Transcriptional response modules characterise IL-1 and IL-6 activity in COVID-19

    Authors: Lucy C K Bell; Mahdad Noursadeghi; Gabriele Pollara

    doi:10.1101/2020.07.22.202275 Date: 2020-07-23 Source: bioRxiv

    Dysregulated IL-1 and IL-6 responses have been implicated in the pathogenesis of severe Coronavirus Disease MESHD 2019 (COVID-19). Innovative approaches for evaluating the biological activity of these cytokines in vivo are urgently needed to complement clinical trials of therapeutic targeting of IL-1 and IL-6 in COVID-19. We show that the expression of IL-1 or IL-6 inducible transcriptional signatures (modules) reflects the bioactivity of these cytokines in juvenile idiopathic arthritis MESHD arthritis HP (JIA) and rheumatoid arthritis MESHD rheumatoid arthritis HP, and discerns the effect of therapeutic cytokine blockade in JIA. In COVID-19, elevated expression of IL-1 and IL-6 response modules, but not these cytokines per se, is a feature of disease MESHD both in blood SERO and in affected organs. We propose that IL-1 and IL-6 transcriptional response modules can provide a dynamic readout of the activity of these cytokine pathways in vivo, with potential applications for identifying COVID-19 patients who may benefit from IL-1 or IL-6 blocking therapy, and to aid quantification of the biological effects of these treatments.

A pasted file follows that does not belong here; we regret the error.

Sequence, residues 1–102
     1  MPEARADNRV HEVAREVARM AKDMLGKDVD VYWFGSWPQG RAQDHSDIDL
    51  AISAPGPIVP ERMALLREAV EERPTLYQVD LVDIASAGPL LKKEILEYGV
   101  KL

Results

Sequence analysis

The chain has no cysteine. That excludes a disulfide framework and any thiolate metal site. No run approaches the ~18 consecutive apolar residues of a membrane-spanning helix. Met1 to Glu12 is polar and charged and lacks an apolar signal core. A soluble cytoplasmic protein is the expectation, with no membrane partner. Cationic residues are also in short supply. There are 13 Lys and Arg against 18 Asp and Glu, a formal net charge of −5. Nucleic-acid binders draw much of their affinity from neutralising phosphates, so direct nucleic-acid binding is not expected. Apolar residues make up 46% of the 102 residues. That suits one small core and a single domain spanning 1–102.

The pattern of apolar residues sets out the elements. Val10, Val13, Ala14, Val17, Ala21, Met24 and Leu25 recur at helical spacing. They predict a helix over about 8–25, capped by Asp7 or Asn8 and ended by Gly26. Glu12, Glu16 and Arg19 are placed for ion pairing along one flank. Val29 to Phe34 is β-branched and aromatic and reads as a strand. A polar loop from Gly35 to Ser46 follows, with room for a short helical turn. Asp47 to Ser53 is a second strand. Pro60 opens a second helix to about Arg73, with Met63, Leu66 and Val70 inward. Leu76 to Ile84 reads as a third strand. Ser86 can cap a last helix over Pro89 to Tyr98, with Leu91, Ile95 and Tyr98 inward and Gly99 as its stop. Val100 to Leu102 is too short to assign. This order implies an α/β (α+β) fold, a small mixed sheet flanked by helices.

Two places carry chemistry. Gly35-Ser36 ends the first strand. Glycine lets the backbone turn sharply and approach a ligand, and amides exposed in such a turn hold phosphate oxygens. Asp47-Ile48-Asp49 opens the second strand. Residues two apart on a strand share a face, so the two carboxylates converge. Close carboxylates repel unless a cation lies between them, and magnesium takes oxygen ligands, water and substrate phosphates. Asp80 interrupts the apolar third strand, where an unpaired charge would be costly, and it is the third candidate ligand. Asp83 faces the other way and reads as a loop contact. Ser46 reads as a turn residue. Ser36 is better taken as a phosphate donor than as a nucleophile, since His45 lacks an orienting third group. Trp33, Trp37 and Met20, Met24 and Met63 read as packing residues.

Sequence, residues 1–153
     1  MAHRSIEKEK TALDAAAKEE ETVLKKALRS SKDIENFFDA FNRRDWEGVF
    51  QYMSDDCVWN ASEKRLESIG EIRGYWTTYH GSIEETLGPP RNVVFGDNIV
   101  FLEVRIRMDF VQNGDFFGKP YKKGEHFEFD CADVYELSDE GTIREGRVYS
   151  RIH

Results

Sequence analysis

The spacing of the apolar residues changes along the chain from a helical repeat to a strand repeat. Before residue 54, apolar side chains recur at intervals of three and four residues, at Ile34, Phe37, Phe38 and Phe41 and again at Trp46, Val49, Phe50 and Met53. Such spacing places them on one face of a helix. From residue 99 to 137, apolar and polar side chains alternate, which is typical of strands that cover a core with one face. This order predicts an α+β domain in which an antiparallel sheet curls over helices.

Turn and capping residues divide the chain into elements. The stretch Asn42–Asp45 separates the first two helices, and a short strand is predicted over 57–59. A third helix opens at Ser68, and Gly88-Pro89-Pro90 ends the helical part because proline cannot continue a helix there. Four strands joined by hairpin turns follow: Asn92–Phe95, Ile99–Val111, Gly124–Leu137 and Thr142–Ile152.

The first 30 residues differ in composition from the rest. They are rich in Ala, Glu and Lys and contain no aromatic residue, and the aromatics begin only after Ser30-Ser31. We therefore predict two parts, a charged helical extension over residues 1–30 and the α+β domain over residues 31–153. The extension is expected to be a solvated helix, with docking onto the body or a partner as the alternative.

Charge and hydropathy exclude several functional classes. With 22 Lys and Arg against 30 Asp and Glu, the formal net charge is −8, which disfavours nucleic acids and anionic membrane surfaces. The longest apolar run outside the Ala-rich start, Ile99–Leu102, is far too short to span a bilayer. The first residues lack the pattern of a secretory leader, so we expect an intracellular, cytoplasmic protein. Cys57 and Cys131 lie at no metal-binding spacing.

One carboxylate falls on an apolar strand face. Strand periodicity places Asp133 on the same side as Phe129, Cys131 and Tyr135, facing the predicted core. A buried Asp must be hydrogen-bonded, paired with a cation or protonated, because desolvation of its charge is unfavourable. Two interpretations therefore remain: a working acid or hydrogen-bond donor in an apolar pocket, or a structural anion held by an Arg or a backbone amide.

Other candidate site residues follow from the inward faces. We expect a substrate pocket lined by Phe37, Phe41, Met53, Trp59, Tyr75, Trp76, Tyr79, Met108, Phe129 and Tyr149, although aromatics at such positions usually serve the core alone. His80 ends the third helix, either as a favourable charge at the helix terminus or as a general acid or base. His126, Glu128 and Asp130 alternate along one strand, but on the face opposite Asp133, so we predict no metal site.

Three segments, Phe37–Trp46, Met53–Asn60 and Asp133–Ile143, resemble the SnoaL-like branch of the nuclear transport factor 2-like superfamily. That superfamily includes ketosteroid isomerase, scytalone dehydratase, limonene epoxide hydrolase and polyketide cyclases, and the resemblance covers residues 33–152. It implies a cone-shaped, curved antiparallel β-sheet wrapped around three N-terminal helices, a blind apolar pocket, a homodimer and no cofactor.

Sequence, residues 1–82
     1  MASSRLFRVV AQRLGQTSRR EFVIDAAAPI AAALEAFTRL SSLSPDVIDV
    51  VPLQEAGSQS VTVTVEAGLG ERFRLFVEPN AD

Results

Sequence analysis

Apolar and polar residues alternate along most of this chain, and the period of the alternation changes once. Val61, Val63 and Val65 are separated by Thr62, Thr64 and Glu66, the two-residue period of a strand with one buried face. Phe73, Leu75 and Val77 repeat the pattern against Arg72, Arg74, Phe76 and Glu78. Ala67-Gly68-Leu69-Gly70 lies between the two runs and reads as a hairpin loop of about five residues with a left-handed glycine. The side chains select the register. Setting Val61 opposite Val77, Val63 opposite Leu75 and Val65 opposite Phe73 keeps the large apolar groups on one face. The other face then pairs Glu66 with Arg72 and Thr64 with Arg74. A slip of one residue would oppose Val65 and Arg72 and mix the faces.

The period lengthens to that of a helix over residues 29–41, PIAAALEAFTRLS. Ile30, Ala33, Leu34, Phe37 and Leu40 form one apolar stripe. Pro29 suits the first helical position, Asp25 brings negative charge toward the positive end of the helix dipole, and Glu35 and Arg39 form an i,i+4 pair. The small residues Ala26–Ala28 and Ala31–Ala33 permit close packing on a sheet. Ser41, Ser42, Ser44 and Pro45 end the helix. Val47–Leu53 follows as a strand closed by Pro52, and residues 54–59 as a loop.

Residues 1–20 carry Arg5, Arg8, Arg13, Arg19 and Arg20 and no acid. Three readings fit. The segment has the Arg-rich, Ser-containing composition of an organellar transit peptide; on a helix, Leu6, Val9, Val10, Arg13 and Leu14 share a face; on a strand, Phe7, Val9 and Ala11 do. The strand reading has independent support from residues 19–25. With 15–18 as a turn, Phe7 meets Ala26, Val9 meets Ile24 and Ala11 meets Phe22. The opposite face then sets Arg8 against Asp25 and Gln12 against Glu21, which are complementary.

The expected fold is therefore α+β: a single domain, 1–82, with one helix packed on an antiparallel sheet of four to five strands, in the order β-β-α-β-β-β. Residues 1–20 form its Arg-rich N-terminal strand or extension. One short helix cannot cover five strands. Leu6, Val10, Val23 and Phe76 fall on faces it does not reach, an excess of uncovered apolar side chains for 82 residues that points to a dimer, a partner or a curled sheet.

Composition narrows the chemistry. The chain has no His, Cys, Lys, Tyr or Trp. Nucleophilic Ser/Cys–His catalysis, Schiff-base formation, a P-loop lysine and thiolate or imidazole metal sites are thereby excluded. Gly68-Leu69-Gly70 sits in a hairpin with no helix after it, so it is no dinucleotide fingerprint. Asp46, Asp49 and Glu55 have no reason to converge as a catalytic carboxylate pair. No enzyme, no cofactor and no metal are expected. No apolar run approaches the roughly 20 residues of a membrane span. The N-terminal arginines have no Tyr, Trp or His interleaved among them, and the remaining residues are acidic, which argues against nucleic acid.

Genetic inhibition of interleukin-6 receptor signaling and Covid-19

    Authors: Jonas Bovijn; Cecilia M. Lindgren; Michael V. Holmes

    doi:10.1101/2020.07.17.20155242 Date: 2020-07-19 Source: medRxiv